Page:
This last weekend my fiancee and I were discussing our attempts to read Christian Fiction. First, what does that even mean exactly? Fiction written by Christians? Fiction about Christians? Is it always about white people living in the old west?
At any rate, one of the biggest genre is the Christian Romance Novel. So I decided to go to my favorite resource for books, Amazon. Wow! Ok, here we go. For starters apparently only Christians can write “religious fiction”. Anyone else I guess either never writes fiction or they just don’t get a section. Then we get to the breakdown of different types of “Christian Fiction”. There are 183 books under Biblical fiction 3700 books under historical fiction and . . . wait for it. . . almost 8000 books under Christian Romance.
Moving past the fact that most of these appear to be about Amish people let’s get to why I’m bringing this up. The Christian culture has been inundated with a false sense of romantic love.
It’s not really about the books which even most Christians don’t read. It’s about the fact that we play along with what the world says and just Christianize it. The world says that I have to have another person to be complete, that there is someone out there for you who is exactly right for you. We say, God has someone for you.
This reminds me of back when Christian rock was getting started. Here was the sell. “Hey man did you hear these guys? They are just like Metallica man – except Christian.” Really!?
One of the things that drives me the most crazy about all of this is we are never first. Never. Everything we do is a freaking reaction to what we see as “wrong” with culture. There’s hard rock music, let’s make a Christian version. There’s romance novels, let’s make a Christian version. Ahhhhh. The latest is of course, there’s online dating so let’s make a Christian version.
The truth is we should have thought of most of these first. But we didn’t. Worse though, most of the time “our” version isn’t as good, and we end up preaching mostly to the choir. The most effective way to make a difference as a Christian artist – don’t get labeled as one.
But here is my point today. We have invented what I call the “Myth Of The Christian Soulmate.”
It’s everywhere. Christian Mingle’s about section reads, “The ideal place for Christian men and women to find friends, dates, and even soulmates.” I can’t count the times in my 20 years of singleness that someone has said something to the effect of “God has someone for you” or “God just hasn’t brought you the one yet” or “Make sure you wait for “the one” God has – don’t settle”. What could be more paralyzing than that last one?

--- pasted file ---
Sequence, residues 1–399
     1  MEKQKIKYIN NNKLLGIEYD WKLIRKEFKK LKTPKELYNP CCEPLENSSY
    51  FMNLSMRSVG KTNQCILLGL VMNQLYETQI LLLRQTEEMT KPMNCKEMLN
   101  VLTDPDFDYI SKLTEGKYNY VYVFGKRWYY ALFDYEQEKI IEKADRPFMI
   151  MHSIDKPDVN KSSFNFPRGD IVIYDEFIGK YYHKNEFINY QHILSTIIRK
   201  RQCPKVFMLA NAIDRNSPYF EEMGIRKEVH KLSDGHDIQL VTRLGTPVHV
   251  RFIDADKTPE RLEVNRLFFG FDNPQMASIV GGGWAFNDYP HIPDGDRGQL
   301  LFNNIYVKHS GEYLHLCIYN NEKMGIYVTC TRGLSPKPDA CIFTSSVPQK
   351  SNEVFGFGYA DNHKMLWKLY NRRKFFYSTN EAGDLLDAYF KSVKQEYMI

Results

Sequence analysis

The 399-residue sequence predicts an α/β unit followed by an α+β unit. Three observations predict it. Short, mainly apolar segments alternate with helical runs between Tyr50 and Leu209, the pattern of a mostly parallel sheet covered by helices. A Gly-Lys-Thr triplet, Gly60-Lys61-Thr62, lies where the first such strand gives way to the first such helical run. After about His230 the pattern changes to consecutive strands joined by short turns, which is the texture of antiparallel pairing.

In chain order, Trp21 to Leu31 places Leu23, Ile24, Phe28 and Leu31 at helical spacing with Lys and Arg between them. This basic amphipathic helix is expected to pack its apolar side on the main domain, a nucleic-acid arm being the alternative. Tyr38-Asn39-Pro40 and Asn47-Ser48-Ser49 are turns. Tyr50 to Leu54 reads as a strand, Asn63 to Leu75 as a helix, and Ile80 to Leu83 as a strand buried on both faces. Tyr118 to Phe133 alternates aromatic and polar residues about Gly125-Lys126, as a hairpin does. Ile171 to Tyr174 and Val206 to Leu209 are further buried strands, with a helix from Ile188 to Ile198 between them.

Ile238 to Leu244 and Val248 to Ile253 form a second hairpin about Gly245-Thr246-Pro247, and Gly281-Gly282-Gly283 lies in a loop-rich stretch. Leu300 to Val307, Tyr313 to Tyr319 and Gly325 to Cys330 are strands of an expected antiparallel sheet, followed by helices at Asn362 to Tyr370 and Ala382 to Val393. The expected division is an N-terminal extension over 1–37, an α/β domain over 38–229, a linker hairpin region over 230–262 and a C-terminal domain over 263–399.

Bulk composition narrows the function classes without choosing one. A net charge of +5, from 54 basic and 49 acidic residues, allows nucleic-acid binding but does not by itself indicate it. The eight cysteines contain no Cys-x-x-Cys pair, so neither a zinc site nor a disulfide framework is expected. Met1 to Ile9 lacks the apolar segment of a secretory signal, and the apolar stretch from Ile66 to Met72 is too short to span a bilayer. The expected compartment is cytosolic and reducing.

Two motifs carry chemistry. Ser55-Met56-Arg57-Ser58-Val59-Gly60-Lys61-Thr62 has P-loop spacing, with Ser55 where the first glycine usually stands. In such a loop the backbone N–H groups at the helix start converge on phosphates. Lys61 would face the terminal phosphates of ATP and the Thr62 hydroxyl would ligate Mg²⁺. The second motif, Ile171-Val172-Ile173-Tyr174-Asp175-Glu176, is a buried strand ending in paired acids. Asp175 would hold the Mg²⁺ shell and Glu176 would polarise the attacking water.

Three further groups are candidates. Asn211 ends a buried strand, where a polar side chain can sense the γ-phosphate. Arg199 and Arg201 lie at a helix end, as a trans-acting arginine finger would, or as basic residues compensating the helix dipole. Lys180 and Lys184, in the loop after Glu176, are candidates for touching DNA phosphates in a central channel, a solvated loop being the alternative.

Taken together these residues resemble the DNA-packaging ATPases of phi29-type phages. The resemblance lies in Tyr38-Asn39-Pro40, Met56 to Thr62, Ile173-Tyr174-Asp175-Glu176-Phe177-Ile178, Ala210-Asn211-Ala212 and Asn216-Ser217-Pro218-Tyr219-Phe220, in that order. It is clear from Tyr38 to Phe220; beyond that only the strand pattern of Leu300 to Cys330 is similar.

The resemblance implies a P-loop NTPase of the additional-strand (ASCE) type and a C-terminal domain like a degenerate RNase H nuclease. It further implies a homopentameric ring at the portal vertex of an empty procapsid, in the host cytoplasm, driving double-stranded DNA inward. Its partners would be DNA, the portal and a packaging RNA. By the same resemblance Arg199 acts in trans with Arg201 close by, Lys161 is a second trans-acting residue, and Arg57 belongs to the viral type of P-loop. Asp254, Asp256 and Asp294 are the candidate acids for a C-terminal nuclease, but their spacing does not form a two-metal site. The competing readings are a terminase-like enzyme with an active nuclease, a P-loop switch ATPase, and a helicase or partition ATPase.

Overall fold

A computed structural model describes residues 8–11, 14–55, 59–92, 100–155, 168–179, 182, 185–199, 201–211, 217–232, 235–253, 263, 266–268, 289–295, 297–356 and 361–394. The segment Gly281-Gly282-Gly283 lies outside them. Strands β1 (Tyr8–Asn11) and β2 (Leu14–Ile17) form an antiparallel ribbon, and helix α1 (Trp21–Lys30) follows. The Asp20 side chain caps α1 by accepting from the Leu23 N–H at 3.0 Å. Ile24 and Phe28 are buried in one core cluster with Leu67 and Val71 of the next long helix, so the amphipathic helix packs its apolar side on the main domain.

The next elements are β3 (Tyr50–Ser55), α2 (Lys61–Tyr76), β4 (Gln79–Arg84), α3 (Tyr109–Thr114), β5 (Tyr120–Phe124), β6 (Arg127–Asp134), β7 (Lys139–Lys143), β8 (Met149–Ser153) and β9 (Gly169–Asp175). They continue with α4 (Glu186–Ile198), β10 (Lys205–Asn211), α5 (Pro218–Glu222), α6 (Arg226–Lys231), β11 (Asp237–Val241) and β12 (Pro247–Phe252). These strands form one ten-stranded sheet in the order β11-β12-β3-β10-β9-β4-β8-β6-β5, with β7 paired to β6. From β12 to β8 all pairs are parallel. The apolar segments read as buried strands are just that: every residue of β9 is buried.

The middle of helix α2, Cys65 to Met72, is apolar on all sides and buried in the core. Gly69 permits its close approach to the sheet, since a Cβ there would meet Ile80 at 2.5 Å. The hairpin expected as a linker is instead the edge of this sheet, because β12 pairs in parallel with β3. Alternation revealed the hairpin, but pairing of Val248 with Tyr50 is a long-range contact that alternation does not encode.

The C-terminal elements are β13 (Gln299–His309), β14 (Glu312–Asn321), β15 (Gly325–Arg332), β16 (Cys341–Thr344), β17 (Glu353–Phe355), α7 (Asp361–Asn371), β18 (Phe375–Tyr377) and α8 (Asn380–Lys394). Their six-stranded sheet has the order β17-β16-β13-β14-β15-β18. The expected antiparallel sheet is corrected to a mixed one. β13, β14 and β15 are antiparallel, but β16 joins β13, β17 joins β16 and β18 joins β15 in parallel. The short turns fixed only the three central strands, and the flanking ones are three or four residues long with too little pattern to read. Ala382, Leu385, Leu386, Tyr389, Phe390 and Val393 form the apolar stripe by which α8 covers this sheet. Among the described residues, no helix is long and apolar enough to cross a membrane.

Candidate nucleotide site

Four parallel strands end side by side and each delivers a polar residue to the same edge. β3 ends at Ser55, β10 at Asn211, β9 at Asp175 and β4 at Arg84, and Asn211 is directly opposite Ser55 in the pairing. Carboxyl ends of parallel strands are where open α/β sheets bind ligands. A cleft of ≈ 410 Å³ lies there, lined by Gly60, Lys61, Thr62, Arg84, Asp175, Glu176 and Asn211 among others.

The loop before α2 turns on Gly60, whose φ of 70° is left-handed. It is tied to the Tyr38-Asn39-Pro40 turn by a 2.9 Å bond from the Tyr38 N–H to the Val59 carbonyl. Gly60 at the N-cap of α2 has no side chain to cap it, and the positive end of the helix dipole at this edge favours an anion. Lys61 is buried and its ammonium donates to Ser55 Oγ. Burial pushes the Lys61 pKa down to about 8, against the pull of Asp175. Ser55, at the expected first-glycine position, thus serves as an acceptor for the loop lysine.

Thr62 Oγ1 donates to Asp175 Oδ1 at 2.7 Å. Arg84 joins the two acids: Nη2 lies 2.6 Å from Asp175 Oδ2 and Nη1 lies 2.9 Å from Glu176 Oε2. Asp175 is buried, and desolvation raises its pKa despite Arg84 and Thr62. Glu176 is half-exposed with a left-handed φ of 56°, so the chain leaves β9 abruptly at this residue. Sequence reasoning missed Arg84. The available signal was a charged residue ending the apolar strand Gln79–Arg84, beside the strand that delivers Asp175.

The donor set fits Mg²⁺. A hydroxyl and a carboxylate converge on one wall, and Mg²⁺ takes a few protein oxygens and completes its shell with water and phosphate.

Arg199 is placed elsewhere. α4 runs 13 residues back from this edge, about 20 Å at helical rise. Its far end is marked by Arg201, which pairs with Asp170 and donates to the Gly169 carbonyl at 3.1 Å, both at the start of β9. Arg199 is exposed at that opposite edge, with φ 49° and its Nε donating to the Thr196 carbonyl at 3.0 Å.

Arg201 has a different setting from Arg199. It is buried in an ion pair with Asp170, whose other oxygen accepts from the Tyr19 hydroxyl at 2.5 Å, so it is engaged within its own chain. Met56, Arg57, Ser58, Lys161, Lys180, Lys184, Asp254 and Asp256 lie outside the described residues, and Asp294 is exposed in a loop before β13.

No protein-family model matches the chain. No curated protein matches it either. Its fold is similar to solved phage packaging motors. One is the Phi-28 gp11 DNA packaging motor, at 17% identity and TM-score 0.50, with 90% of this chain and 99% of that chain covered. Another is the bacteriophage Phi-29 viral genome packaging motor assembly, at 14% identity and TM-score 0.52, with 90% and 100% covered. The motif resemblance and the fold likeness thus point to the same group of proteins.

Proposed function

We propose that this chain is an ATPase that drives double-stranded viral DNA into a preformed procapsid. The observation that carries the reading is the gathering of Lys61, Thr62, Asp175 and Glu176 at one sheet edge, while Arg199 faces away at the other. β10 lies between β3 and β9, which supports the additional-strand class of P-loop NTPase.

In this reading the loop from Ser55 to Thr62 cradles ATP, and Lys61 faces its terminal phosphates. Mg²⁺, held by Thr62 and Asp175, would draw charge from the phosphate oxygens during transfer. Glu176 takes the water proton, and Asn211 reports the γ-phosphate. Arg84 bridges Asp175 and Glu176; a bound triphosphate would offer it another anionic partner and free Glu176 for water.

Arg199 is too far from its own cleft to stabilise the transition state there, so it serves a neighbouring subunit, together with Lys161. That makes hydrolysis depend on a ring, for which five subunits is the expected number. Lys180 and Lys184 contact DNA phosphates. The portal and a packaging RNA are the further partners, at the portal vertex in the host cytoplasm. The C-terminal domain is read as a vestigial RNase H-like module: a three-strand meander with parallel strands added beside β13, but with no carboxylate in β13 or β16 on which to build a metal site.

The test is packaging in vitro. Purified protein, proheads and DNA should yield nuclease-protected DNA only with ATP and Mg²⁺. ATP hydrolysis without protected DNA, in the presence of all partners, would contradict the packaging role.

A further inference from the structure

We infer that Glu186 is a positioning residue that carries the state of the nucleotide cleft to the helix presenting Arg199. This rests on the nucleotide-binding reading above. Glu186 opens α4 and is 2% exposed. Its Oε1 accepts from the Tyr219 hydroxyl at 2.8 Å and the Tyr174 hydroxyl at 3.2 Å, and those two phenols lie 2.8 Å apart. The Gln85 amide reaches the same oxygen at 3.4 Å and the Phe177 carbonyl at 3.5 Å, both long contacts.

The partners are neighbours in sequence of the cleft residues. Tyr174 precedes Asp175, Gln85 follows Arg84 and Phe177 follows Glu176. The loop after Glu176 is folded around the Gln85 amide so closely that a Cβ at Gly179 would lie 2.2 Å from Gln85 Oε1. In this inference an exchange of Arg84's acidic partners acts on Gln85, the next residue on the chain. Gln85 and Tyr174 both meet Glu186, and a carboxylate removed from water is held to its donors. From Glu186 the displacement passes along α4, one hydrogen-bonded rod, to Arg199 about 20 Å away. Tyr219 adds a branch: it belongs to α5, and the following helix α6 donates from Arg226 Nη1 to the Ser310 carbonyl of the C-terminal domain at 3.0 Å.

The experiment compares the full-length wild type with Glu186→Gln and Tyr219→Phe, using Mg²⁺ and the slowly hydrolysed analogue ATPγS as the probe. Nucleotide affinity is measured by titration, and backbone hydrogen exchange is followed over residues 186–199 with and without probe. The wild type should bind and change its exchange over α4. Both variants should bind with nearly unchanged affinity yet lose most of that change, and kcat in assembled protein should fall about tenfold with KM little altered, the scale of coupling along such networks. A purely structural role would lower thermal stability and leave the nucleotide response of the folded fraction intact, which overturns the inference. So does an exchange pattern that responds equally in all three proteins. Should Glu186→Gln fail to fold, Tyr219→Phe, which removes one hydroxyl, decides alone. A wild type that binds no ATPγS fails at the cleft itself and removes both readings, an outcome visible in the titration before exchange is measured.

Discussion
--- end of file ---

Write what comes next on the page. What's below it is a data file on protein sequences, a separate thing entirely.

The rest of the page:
All of this is some sort of weird cross between romance novel, misplaced Calvinism, and what I call Help You Sleep At Night Theology. And it is no where in the Bible.
In an attempt to encourage the hurting and lonely, as well as be protective (and often controlling) of the flock, we end up giving platitudes that aren’t really helpful in the long run and just aren’t true.
There is nothing in the Bible about soulmates. Nothing. It is not there. There is nothing about how to find someone to marry. There are some, and I mean only some, principles for marriage and getting married. But there are no promises about God bringing you a spouse, let alone a perfect one.
The soulmate idea is bad for a lot of reasons. The idea that I’m incomplete without someone and if I just find this other person I will be whole. No person can fill that role. We need to be complete in Jesus. That doesn’t mean that because we have Jesus that we shouldn’t want a spouse. But a spouse (real or wanted) should not be put in the savior role.
It can make us mad at God. If He has my soulmate and hasn’t brought them to me, then it’s His fault. This is also a convenient way to avoid any responsibility what so ever. Perfect.
Finally, judging every encounter through the soulmate lens pressurizes the whole process. Some of us can never even get into a relationship at all because no one “meets” the soulmate criteria. Others think everyone they fall for is their soulmate and then when it doesn’t turn out they have to either try desperately to hang on or beat themselves up for “missing it.”
As I’ve said before, I believe that God can and does send people into our lives. But guess what, we get to choose what to do with that. And isn’t that what we want anyway? Isn’t it more romantic to be chosen than to be destined?